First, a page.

Purchases of digital currency
If you've purchased digital currency such as bitcoin, you must declare it in your tax return. You can read more about how you should assess the value here.
What you must do
Purchases of digital currency have no tax consequences at the time of purchase.
You should not declare the costs attributable to the purchase until you sell, so when you sell your digital currency, you must know how much you paid. You should therefore keep documentation showing:
- Date of purchase
- Transaction costs
- Market value as of the date of purchase. Use the exchange rate of the market place where you purchased the digital currency. If it's difficult to obtain exchange rates/documentation from the provider, a number of organisations offer historical exchange rates for the most common currencies.
If you used a different digital currency as payment, this currency will be realised for tax purposes. You must then follow the procedure described in the next item to declare any gain or loss on the digital currency that you used as payment.
Your broker/exchanger can tell you how much bitcoin and other digital currency you've purchased and the relevant purchase dates.
Each unit of a digital currency has an input value. If you purchase the same digital currency at different times and at different prices, the units will have different input values.
The input value for a unit is the price you paid at the time of purchase including transaction costs. You must declare the value in Norwegian kroner using the exchange rates applicable as of the date of purchase.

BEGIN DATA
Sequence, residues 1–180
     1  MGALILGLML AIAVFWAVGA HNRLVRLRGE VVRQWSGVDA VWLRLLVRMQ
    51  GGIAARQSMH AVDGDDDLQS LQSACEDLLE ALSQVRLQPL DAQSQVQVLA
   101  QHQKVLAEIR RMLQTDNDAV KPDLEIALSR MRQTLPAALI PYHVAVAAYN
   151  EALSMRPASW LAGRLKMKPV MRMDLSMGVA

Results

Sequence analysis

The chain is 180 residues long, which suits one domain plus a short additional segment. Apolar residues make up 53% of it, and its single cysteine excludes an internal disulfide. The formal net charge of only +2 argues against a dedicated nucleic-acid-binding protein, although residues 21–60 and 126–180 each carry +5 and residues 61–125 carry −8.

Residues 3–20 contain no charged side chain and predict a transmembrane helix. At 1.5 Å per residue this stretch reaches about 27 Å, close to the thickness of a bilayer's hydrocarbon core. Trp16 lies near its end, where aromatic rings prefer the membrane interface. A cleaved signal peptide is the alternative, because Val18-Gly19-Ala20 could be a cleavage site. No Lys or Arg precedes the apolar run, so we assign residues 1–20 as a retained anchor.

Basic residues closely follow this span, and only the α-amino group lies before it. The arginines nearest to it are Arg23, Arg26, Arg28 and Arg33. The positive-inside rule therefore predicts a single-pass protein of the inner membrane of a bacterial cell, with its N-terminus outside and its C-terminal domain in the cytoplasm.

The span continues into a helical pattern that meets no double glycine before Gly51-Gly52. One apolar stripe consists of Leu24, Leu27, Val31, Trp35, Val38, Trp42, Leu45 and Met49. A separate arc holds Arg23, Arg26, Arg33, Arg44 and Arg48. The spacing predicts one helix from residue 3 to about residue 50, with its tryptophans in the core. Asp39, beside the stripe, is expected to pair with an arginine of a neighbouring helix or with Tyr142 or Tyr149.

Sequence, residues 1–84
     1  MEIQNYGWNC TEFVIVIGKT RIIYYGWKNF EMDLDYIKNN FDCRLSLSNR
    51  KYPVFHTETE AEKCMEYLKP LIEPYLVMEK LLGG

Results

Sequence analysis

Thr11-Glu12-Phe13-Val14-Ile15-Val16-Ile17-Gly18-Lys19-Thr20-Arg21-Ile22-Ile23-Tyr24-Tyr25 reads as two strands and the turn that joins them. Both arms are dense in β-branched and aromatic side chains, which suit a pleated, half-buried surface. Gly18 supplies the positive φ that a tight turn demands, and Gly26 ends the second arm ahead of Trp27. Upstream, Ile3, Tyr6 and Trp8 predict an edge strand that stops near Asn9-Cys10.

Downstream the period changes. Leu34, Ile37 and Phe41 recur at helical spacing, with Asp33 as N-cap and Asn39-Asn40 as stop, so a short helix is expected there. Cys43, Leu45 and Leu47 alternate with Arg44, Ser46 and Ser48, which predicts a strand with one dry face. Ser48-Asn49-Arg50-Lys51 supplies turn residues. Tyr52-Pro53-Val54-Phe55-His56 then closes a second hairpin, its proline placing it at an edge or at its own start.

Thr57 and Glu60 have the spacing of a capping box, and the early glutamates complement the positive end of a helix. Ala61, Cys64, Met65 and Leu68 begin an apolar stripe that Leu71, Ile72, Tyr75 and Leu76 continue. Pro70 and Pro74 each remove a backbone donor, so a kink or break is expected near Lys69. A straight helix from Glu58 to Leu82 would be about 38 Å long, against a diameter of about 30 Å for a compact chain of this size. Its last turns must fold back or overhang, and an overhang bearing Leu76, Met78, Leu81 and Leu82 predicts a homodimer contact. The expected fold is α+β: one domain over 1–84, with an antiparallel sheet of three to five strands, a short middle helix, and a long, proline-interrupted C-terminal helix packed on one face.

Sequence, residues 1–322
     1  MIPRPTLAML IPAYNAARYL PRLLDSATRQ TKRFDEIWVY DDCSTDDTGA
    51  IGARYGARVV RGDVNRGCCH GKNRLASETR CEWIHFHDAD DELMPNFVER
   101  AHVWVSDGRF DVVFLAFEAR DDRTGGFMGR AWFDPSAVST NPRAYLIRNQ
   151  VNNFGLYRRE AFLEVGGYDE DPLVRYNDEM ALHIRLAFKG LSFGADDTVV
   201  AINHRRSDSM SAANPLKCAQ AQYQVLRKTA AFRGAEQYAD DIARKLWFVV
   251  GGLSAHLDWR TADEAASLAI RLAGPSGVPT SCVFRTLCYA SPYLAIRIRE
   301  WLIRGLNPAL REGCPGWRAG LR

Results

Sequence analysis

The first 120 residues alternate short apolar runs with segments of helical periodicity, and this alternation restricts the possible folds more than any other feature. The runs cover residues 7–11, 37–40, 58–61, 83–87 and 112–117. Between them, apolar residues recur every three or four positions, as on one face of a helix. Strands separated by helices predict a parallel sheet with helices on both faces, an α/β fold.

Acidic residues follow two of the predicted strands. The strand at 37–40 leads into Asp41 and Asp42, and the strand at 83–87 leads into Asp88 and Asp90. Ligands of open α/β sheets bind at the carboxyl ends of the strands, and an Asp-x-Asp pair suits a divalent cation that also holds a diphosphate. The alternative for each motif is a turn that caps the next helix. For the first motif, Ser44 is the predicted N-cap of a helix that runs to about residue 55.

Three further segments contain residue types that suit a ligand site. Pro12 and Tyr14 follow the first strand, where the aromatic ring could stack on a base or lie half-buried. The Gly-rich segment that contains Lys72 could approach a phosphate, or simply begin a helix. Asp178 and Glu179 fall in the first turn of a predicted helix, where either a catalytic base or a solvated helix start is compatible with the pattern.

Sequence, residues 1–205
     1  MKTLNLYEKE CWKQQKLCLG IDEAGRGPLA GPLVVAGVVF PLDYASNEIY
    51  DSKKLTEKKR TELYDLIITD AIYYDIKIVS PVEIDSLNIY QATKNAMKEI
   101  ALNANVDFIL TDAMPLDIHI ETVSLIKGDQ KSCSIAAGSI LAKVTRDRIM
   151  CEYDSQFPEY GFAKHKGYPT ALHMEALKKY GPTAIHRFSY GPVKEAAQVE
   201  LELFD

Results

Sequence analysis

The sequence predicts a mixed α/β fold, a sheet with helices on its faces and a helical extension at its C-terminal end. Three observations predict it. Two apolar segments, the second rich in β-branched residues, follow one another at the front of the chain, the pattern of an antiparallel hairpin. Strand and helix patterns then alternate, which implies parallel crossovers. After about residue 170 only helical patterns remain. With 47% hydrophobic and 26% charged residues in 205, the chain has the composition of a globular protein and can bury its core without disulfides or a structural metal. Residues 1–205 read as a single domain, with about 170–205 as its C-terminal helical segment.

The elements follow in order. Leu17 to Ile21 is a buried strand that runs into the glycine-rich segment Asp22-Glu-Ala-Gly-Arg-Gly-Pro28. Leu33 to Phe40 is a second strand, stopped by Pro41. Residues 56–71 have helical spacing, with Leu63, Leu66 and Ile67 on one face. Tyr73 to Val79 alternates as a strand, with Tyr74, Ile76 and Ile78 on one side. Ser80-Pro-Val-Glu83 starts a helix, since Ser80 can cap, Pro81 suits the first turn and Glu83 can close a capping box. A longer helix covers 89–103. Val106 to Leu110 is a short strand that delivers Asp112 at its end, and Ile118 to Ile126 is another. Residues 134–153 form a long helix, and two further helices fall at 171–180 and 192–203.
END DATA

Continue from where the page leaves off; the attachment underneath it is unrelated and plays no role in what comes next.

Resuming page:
Input value in Norwegian kroner = Number of digital units * exchange rate for the digital currency * USD exchange rate + (transaction cost * USD exchange rate if the transaction cost is in USD)
- You purchased 1.32 bitcoins on 13 October 2020
- The bitcoin exchange rate at the time was USD 11.471,38
- The USD/NOK exchange rate was 9.1561
- The transaction costs per transaction were USD 3.
Input value in Norwegian kroner: (1,32*11.471,38)*9.1561+(3*9.1561) = NOK 138 671,16
If you own digital currency at the end of the income year, you must declare the market value as wealth in your tax return.
There are two ways you can enter gain/loss in the new tax return: You can list every item individually, or you can provide an overview.
Log in to the tax return and select the topic Finance – Virtual currency/cryptocurrency. You’ll get information and guidance as to what and how to proceed when you’re logged in. There are help texts for every field.
A tip is to add fields for currency if you want to list income and wealth for example in USD (American Dollars) or EUR (Euros).
You do not need to send us any documentation, but you must be able to present documentation if we ask for it.